Microchip implants may be the most science fiction-like of the latest ID and verification technologies. While seemingly farfetched, the concept of these devices is simple. A person would have a microchip implanted in their body, such as the brain, giving them access to certain things. For example, having the chip could allow them access to restricted areas at a business, allow them to access computer networks, enable tracking using geolocation, or even enabling them to use their implanted chip to make purchases.
While chip implants in the brain are still being studied, the FDA has already approved implantable chips in other parts of the body, such as the hand or wrist, for accessing medical records. In fact, one family in the U.S. has already been chosen as guinea pigs to test out this technology, making them the first people in America to be implanted with microchips containing their personal data.
However, America is not the only country utilizing this kind of tech. The Swedes are also now inserting microchips under their skin for various purposes.
Thousands in Sweden have already had these chips implanted, allowing them to make their lives more convenient in numerous ways. With the swipe of their hand, they can easily access their homes, gyms, offices, and more. The chips can also store their emergency contact information and social media profiles.
SJ, a travel company in Sweden, is also now allowing passengers to use these implanted chips in lieu of a traditional train ticket. Instead of carrying around a physical paper ticket, they can simply swipe their hand, which contains that chip that holds their e-ticket information.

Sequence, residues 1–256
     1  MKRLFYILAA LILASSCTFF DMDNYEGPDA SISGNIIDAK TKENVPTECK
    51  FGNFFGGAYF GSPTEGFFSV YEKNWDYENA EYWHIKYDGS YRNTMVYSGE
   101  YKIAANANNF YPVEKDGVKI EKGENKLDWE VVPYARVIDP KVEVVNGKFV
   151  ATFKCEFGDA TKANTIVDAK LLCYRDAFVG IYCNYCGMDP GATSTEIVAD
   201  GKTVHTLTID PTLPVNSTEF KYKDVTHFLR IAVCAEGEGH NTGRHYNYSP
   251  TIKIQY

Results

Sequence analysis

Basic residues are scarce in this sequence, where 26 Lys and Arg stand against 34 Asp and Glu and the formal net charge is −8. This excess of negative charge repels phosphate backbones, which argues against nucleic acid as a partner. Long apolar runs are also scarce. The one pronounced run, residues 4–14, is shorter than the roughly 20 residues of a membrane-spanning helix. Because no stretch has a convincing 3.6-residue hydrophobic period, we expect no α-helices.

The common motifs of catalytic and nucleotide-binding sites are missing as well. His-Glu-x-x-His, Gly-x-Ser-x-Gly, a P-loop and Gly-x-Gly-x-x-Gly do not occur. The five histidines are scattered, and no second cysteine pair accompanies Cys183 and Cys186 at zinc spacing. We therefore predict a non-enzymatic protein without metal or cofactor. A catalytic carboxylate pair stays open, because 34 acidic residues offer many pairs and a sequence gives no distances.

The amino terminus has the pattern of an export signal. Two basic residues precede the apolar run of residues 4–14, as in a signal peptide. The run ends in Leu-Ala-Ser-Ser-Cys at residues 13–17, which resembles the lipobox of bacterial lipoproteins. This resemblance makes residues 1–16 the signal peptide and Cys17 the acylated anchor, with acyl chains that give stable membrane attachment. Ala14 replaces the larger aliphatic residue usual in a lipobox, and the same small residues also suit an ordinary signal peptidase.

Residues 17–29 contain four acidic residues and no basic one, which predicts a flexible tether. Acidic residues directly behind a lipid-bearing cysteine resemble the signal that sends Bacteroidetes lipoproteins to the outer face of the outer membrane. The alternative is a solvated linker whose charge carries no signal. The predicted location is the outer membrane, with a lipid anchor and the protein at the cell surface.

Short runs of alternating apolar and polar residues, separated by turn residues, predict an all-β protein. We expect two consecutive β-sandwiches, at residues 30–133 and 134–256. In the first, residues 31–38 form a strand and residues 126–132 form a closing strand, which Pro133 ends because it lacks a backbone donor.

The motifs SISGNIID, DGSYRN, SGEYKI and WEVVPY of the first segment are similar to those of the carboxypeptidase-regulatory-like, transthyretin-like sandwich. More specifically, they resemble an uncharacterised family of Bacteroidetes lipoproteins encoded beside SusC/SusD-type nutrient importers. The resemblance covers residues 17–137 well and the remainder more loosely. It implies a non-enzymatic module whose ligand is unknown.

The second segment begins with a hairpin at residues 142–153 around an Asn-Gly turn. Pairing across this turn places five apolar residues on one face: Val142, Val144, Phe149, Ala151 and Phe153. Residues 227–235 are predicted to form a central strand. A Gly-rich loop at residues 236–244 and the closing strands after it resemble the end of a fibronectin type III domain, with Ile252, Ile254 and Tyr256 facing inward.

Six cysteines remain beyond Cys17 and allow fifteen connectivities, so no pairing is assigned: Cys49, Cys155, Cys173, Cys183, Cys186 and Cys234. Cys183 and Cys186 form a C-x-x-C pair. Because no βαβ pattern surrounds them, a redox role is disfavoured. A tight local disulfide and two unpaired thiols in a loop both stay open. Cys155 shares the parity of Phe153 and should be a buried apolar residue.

Of course, with any new technology, there are always concerns regarding privacy and security. VeriChip, one of the companies testing out chip implants, for example, recently merged with a credit monitoring service, which has privacy activists concerned.
This is not the only example of public concern over privacy issues. Though these new ID and verification technologies are meant to make data and access management more secure, there are certainly ways that these technologies can be abused.
Just as technology advances, so do cyber threats. When a company or organization decides to implement a new technology, such as biometric scanners, smart ID cards, or chip implants, it is still necessary for cybersecurity precautions to be taken to avoid data breaches.
This includes using other technologies and cybersecurity practices, such as blockchain technology, to make accessing sensitive data more challenging. But it also means staying on top of incident reporting.
By regularly reporting security incidents, companies can stay on top of the threats they face. Knowing what happened and how it happened can also enable companies to adjust their security protocols going forward to prevent future data breaches and cyber-attacks.
It is truly amazing what technologies we have at our fingertips today. The biometric sensors market alone is booming and already bringing in billions of dollars. And as these technologies continue to become more advanced, there’s no telling what the future of Identification and verification will look like.